LATCH Weight Limits
What is this about LATCH weight limits?
LATCH stands for Lower Anchors and Tether for Children.
The intention was great. Make it easier for parents to install car seats correctly. Based on what I’ve seen checking car seats over the years. The intent often got lost (perhaps along with the instructions).
I’ve seen LATCH misused in many ways. One of the most common I’ve seen is using the LATCH system and the vehicle seat belt to install the child restraint. This falls into the tighter is not always better category.
Plus, and more importantly, when you use both you are doubling the webbing which prevents it from stretching during a crash. This stretch takes the crash energy that the webbing is meant to absorb (this you want) and transfers it to the plastic shell of the car seat.
Another fact I’ve seen parents not be aware of is that there are actually weight limits on the LATCH system. For most vehicle manufacturers that lower anchor weight limit is 65 pounds. That 65 pounds is the combined weight of the seat and the child.
So if a seat weighs, as many do, 25 pounds, the weight limit for the child (while using LATCH) is 40 pounds. At which point in time parents are supposed to start using the seat belt system instead of LATCH.
While the weight limits have been in place since the beginning of LATCH, a new federal standard for car seats will take place in 2014. This new standard will require car seats to have yet another label (how many of the labels on your current car seat have you read?).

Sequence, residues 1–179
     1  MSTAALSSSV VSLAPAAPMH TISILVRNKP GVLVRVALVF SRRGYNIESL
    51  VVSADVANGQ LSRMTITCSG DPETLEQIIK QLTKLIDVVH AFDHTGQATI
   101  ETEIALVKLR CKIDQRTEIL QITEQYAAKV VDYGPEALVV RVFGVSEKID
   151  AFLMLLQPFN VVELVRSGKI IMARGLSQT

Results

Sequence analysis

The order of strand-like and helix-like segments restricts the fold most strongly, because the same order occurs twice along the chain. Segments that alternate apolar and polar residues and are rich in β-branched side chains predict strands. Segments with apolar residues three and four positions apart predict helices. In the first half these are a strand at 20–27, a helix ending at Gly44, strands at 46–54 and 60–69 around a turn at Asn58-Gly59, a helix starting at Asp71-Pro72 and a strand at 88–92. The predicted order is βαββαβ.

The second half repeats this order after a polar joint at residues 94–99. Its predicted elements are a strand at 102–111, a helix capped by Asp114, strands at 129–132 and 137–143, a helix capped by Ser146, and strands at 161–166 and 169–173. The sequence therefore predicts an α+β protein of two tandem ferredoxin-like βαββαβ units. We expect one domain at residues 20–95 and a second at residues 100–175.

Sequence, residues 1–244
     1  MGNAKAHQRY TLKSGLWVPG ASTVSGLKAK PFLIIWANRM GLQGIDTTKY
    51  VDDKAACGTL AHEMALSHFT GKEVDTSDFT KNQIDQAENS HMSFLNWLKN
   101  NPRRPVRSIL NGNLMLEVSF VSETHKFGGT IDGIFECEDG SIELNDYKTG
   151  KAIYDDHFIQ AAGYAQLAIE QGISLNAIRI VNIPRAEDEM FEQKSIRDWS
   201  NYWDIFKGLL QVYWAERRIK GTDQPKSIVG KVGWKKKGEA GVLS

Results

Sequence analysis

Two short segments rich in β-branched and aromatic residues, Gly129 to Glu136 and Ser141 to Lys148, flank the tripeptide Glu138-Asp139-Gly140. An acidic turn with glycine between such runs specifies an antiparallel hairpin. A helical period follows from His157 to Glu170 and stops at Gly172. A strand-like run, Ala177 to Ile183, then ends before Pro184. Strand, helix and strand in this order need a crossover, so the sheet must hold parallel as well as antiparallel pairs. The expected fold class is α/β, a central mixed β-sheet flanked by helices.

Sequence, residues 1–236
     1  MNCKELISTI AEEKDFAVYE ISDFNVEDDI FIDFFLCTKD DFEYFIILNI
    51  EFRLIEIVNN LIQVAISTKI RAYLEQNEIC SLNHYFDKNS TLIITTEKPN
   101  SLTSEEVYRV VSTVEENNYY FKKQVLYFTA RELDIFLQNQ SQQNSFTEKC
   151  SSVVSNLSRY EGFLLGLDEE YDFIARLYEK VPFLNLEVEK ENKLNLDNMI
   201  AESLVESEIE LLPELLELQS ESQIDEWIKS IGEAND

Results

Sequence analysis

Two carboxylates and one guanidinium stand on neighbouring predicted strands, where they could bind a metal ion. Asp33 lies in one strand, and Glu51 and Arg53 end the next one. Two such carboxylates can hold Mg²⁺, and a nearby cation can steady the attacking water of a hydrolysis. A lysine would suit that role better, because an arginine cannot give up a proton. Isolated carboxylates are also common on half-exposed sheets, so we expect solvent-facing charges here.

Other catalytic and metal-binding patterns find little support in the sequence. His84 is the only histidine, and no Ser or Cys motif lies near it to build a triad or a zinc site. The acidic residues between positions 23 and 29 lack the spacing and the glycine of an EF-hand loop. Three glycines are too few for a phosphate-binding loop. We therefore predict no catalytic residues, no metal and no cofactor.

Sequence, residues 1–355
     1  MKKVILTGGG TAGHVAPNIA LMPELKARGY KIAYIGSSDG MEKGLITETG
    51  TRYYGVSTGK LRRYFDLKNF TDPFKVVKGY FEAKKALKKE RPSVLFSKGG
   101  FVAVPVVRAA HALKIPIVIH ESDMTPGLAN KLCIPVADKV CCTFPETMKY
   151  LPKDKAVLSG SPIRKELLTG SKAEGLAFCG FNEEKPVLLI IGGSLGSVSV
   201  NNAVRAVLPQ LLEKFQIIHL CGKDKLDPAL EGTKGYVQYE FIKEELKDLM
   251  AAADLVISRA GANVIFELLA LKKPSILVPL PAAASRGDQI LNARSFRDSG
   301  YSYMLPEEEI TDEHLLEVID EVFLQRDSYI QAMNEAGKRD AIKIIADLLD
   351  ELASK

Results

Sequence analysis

This new label will inform parents that they need to limit the use of the lower anchors of the LATCH system to a maximum weight for a child. This new standard is actually good news since it will mean, hopefully, more parents are informed of the LATCH weight limits.
Remember seat belts are just as safe (and at higher weights safer) as LATCH. A lot of parents have asked me about this when I moved their incorrectly LATCH installed restraint to a seat belt install. Again the purpose of the LATCH was not to be a better install but to be an easier install.
As for the top tether anchor, nothing will be on the new sticker about those. However, many vehicle manufacturers are still limiting top tether anchor use to the same combined (restraint and child) 65-pound weight (some manufacturers use a lower weight limit) even when the restraint is installed using the vehicle’s seat belt system.
One thing to note here is that the RideSafer Travel Vests weigh a little more than a pound. So if you were to use the RideSafer the combined 65-pound weight for the top tether anchor would mean a maximum weight of the child of 63 pounds. And we offer a dual tether which will spread the weight across two top anchors.
By Amie Durocher, Creative Director at Safe Ride 4 Kids and certified CPS Tech since 2004
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